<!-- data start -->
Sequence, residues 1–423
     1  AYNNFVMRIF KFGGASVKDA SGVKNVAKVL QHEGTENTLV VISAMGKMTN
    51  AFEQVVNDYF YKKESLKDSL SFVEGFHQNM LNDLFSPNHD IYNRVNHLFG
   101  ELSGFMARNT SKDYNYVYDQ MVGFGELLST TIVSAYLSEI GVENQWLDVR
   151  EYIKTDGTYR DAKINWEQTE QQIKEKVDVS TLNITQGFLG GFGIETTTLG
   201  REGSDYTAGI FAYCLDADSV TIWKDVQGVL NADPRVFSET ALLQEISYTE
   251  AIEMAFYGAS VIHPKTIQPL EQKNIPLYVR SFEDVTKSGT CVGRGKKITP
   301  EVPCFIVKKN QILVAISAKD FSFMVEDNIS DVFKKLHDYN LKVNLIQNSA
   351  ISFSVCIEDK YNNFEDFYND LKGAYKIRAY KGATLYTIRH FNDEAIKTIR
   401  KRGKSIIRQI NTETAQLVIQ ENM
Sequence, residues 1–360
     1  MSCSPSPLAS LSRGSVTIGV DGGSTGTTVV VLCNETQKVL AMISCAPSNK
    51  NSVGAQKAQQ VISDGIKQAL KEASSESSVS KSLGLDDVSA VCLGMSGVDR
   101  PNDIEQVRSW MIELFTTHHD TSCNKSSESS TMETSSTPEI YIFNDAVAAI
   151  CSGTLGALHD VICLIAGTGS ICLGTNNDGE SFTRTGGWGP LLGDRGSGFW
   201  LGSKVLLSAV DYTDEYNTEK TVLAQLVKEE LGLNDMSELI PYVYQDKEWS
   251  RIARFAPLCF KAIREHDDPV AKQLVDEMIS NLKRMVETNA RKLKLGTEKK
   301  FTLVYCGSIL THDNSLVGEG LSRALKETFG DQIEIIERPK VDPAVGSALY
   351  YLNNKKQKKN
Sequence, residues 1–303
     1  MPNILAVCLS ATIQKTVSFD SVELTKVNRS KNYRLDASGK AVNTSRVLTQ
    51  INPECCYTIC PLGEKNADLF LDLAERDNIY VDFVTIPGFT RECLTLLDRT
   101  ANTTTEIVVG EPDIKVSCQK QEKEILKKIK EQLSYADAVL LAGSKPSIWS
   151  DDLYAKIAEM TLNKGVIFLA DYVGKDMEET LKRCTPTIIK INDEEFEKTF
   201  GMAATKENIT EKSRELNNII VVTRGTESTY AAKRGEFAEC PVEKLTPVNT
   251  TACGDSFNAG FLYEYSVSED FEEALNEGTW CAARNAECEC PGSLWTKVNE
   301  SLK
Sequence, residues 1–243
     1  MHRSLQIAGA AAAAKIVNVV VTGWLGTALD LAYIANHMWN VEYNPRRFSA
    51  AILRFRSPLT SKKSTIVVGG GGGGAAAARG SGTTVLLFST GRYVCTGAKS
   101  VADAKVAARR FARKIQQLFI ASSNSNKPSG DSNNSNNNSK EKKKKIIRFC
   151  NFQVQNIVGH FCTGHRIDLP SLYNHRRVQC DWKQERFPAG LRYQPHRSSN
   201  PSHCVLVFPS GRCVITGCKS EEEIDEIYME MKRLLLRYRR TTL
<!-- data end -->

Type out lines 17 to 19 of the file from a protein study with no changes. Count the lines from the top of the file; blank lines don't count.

   251  RIARFAPLCF KAIREHDDPV AKQLVDEMIS NLKRMVETNA RKLKLGTEKK
   301  FTLVYCGSIL THDNSLVGEG LSRALKETFG DQIEIIERPK VDPAVGSALY
   351  YLNNKKQKKN